THE BLOG

Election 2008: What We Can Do For Our Country

12/04/2008 05:12 am ET | Updated Nov 17, 2011

"And now the work begins," wrote Dr. Maya Angelou in "Commencement Address." Her words have never rung more true than today. With two years of Election P.T.S.D., now, thankfully, behind us, we must begin anew. Not easy with our adrenals spent from, what seemed, an endless trail of political attacks/counter attack footprints on both side of the fence, a never-ending war, a heating up in the Middle East, plus the Wall Street Roller Coaster indicating a global fiscal crisis that will not end anytime soon. Add to this, the ever-rising unemployment rate. Oh, yes, and then there is the approach of the holiday season.

As I anticipated this week's column, it became apparent that the task before me was to anticipate two outcomes. In scenario one, Obama wins. All votes, fairly counted. No last minute surprises. In scenario #2, McCain slides across home plate, defying the polls, and calling into question all sorts of things. Either way, somebody isn't happy. And so, in this uncertainty, one certainty began to rise up from the ashes of 'what's gone down.' It is simply this: like the graduates Angelou was addressing, we of this country are faced with the challenge of finding the "...outstanding courage to invent this moment...." In her text, she goes on to add: "...You must be asking yourselves, what you will do with it?" So must we.

What will we do with the outcome of Election 2008? Regardless your stance, Republican, Democrat, or Independent, we reap what we have sown. Whether we believe this harvest is just or unjust, we must face squarely the question Angelou asks those before her: "...Are you prepared to work to make this country, our country, more than it is today?"

As I look in the mirror, I must be willing to ask myself 'what do you have the courage to invent?
Am I prepared to take whatever action steps I must to repair the terrible split that our country
has endured these past eight years?' Not that political tension is a new thing. But, truth be said, in my over sixty years, I've never felt the same level of animosity, and terror in any political campaign. Yes, politics has been a nasty business for quite some time, it is so. However, I am hard-pressed to recall a time when words like "Kill him!" and "Traitor!" were shouted at political rallies against the opponent, and the presidential candidate and vice presidential candidate who had the podium did absolutely nothing to refute such fueling of flames. It has been so widespread, that in the past one week, I've had three people from different countries on either side of our boarders, express pre-election anxiety that if Senator Obama won, they were fearful for his safety. They are not the only ones.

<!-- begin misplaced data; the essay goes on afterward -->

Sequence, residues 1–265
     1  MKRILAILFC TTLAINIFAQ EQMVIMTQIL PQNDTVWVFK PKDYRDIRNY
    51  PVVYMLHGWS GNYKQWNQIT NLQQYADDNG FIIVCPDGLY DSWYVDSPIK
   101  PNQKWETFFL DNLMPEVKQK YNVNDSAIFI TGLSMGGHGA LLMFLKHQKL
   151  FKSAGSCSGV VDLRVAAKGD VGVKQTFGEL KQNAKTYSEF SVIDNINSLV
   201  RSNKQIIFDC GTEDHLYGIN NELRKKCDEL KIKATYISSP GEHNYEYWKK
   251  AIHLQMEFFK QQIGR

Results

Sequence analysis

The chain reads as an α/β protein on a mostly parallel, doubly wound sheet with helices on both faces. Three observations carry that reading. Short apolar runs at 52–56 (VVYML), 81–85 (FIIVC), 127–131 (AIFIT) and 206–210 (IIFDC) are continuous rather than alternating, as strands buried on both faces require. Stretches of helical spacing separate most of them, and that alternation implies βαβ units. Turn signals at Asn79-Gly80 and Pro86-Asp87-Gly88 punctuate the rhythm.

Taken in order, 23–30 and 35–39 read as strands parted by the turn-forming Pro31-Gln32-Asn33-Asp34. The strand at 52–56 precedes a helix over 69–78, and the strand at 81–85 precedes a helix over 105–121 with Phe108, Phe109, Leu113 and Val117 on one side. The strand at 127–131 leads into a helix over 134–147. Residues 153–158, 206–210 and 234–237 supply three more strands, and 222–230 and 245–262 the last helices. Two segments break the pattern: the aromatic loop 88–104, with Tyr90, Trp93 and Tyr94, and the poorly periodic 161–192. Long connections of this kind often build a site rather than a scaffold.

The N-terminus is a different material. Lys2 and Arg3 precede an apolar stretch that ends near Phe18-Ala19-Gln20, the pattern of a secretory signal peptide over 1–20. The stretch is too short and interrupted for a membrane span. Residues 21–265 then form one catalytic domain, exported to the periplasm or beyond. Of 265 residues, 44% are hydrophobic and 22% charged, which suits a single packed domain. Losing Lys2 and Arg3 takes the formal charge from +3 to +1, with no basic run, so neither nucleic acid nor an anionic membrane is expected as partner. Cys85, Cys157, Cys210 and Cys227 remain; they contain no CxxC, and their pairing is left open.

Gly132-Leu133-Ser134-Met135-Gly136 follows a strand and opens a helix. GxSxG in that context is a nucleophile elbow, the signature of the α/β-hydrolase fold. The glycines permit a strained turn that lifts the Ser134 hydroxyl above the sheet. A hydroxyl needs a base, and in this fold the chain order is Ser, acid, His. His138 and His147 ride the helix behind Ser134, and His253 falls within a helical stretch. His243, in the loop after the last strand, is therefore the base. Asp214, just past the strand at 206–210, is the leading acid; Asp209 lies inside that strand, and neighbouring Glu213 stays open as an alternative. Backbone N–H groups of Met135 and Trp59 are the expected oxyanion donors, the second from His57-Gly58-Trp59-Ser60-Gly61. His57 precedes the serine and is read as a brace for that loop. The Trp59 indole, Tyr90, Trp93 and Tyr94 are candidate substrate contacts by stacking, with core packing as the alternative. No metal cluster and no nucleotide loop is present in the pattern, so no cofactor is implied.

What message are we sending? Whatever happened to "One nation, under God, indivisible, with liberty and justice for all...."? When did it get to be okay to utter death threats because someone's point of view on how to unify was different from the hecklers'?

And now the work begins. Reconciliation is not easy. It takes a big person, and an even bigger country to face and admit errors of judgment. We have work to do.

And now the work begins. It takes a big person, and an even bigger country, to extend its 'hand,' across the aisle, across the kitchen table, and across the sea to make right, atone whatever mess we've made.

And now the work begins. It takes a big person, and an even bigger country to lay down the finger of blame, and take an audit. What can we appreciate about those who do not see things our way? Where is our common ground?

As one individual, I do not know how to fix the sizable mess we've got on our hands. All I know for certain is this: we've been through rough times before, and have found solutions. In the toughest times, this country has laid aside its differences, and joined together to ask, as Kennedy once said, 'Not what can my country do for me, but, what can I do for my country?' This is such a time. Only this time, let's substitute for me, I, and my: 'us, we, and our.' What can we do, Democrats, Republicans, Independents, and even anarchists, for OUR country? What new chapter are we willing to invent together, all differences of color, race, religion, language aside, in order that we, as a humanity begin moving in one direction toward peace, towards compassion, towards resolution, towards that Truth that sets us free?

What I know for certain is that we can do better. What I know for certain is that each and every one of us has a gift that needs giving. What I know for certain is that none of us can solve this thing alone. What I know for certain is that we must do better at learning to work together. What I know for certain is that we have choice, we have a God-given Voice, and we have the creative opportunity to stand up in who we really are, together. Winston Churchill was right. Let it be said of us, "This was our finest hour."

And now the work begins.